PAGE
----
Page 7, 27th February 1987

27th February 1987
Page 7
Page 7, 27th February 1987 — Undersea world of Sloanes
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Undersea world of Sloanes

CINEMA

Clive Fisher

EVERYONE I imagine, has played the game: whom should I choose as my solitary companion to share the desert island's pleasures, sun and sand? Television producers, normally so quick to capitalise on all human anxieties, failed to notice that one: Roy Plumley will not go down in history for courting the famous on that particular aspect of desert island risks. Some people prefer action to fantasy. Lucy Irvine answered Gerald Kingslandt-s advertisement for a "wife" and spent a year alone with him On the island of Tuin. CastaWay (Cannon, Shaftesbury Ave., '15') is based on her experiences.

Kingsland (Oliver Reed) is a middle-aged divorcee. I was unsure as to his profession (not that it really matters); but hobbies included magician's tricks, reading Bhuddist literature and drinking. Lucy (Amanda Donohoe) is a pretty young Sloane Ranger who works for the Inland Revenue; hobbies unspecified.

It all begins amusingly enough in the London of 1981. (An early sequence included a news bulletin revealing details of the engagement of the Prince of Wales. But attempts at historical accuracy were marred, in the location shooting, by the inclusion of C-registration cars, as a fussy friend of mine remarked.) And those of us who live here were kept happy spotting familiar landmarks. That pleasure, however, only lasts for ten minutes. Then they land on the island.

She immediately undresses and never really puts her clothes back on. (Although Nicholas Roeg's camera never follows her golden form with prurient or sensationalistic intent, Donohoe's nudity may prove to be one of Castaway's box-office strengths.) And we sit in dread, waiting for Reed to follow her.

No-one really condemned his nudity at the time of his heady collaboration with Ken Russell (many were still shaking off the after-effects of the Sixties); but a lot of liquid has flowed under the bridge since Women in Love. No wonder he has to go to a desert island to strip: a naked "Falstaffian" — bloated and red — is no. _ pretty sight. And that is about all that happens. (Based on real life, the film is bound to be uneventful to the point of tedium.) Their crops fail, they fish, they sunbathe, he complains about her refusal to have sex and mumbles obscene limericks, and she criticises his indolence. As heavy relief, Roeg includes a few observations of sub-aquatic life: we are jolted, inexplicably, from contemplation of some marine monstrosity to Reed, ugly in his desperation for drink, cigarettes and sex. Jacques Cousteau would have found it all most confusing.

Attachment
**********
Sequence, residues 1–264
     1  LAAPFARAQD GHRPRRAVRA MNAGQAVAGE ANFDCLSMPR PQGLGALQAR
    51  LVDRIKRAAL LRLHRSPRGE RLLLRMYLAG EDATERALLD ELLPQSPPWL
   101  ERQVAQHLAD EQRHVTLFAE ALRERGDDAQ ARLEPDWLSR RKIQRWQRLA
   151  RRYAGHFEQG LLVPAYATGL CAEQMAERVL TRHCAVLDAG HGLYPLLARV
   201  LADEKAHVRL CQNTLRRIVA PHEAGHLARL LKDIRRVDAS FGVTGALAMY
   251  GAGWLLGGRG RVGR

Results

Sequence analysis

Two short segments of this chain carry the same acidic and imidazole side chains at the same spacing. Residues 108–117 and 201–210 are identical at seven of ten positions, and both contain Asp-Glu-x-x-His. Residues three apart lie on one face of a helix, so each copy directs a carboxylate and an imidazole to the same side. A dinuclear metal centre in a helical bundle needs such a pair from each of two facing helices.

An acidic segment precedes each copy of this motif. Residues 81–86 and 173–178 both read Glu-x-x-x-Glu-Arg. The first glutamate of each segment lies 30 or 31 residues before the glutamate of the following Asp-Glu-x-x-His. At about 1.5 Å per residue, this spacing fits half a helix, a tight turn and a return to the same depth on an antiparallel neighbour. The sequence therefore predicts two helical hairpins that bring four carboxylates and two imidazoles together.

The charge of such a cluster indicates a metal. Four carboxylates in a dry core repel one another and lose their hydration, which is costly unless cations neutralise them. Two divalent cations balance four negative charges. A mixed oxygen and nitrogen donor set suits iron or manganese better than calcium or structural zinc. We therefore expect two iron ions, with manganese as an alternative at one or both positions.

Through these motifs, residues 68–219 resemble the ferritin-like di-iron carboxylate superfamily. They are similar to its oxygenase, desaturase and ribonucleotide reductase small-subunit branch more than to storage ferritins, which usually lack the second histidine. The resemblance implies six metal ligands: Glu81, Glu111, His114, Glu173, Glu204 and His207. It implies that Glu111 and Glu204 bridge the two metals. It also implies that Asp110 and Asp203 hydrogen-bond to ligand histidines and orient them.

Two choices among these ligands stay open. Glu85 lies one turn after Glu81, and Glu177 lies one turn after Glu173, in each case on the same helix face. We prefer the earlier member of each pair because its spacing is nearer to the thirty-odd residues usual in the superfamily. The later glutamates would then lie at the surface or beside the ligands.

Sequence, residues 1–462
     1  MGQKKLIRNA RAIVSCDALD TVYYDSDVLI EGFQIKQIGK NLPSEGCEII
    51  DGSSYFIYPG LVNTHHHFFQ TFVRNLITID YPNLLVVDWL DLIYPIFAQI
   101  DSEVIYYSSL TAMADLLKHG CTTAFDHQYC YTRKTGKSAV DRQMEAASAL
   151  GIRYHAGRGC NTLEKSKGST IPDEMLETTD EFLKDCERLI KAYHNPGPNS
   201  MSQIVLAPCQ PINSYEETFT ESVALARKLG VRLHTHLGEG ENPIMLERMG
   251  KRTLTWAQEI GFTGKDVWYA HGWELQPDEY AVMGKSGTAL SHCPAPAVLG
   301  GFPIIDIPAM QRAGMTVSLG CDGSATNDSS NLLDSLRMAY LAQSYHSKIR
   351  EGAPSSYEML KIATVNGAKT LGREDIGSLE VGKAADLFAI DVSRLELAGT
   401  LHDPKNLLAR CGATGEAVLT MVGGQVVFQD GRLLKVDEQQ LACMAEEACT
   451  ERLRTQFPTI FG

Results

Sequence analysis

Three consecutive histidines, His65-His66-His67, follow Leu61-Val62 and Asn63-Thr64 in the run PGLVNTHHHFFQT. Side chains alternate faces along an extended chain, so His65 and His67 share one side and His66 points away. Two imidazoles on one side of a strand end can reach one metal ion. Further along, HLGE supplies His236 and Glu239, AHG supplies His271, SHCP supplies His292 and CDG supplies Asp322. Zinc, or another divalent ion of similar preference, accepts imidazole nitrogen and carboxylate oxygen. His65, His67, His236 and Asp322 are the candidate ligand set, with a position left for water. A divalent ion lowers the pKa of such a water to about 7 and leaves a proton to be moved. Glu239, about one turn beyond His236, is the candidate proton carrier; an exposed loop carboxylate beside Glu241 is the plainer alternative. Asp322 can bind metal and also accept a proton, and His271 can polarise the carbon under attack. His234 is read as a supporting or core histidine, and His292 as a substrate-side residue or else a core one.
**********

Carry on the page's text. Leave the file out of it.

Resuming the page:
Those who remember The Man Who Fell To Earth, Don't " Look Now and Bad Timing will wonder what the hitherto provocative and imaginative Roeg is doing here. He claims to be fascinated by the study of a man and a woman with nowhere to hide and no-one else in whom to confide. But I found myself longing to see both of them disappear and their confidences were just like any other squalid and monotonous domestic tirades. Despite the presence of the radiant Amanda Donohoe, a futile, tedious film.

Infinitely more worthwhile is Coming Up Roses ("Screen on the Hill, 'PG') In a depressed village in South Wales — where the only activity is the returning of unaffordable appliances bought on HP — the last cinema closes. To make matters worse, the ex-wife and sons of Trevor, the projectionist will soon become destitute unless £700 is found for mortgage repayments. The money is borrowed from Eli (the cinema-manager's) funeral fund on condition that Eli will be given the burial he wants should he die before repayment. His health promptly fails. Desperately attempting to avert disaster, Trevor and the icecream lady Mona, by now in love, formulate a scheme to redeem the money and pay for the funeral.

The village is at the mercy of remote forces. But this is never an acrimonious film: no accusatory finger is pointed at those responsible for the community's stagnation. Its opening sequence — of derelict Ritzes and Roxies — may be a lament for the Golden Age of matinee idols and cinema-going as a cheap escape; but the film is neither nostalgic nor defeatist. The search for £700 becomes a symbol of defiance, ingenuity, trust and resource in a close-knit community (rather like the Wall of Death motorbike riders that Eat the Peach). I was dreading a film about Wales made in Welsh, but this turned out to be a sharp, funny uplifting film, 'ppropriate to our times.




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